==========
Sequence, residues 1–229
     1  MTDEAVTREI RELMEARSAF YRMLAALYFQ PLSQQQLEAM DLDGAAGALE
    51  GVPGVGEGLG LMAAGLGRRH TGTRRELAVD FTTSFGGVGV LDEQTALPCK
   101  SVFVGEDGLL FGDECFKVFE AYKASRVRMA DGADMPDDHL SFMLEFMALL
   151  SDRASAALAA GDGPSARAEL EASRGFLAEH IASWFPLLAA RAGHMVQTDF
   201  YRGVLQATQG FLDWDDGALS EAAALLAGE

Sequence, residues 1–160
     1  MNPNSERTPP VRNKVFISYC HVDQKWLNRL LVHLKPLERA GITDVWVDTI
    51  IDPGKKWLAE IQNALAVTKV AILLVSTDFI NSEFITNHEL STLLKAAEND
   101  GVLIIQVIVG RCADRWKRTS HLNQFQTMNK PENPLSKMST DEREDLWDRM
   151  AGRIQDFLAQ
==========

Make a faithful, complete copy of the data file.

Sequence, residues 1–229
     1  MTDEAVTREI RELMEARSAF YRMLAALYFQ PLSQQQLEAM DLDGAAGALE
    51  GVPGVGEGLG LMAAGLGRRH TGTRRELAVD FTTSFGGVGV LDEQTALPCK
   101  SVFVGEDGLL FGDECFKVFE AYKASRVRMA DGADMPDDHL SFMLEFMALL
   151  SDRASAALAA GDGPSARAEL EASRGFLAEH IASWFPLLAA RAGHMVQTDF
   201  YRGVLQATQG FLDWDDGALS EAAALLAGE

Sequence, residues 1–160
     1  MNPNSERTPP VRNKVFISYC HVDQKWLNRL LVHLKPLERA GITDVWVDTI
    51  IDPGKKWLAE IQNALAVTKV AILLVSTDFI NSEFITNHEL STLLKAAEND
   101  GVLIIQVIVG RCADRWKRTS HLNQFQTMNK PENPLSKMST DEREDLWDRM
   151  AGRIQDFLAQ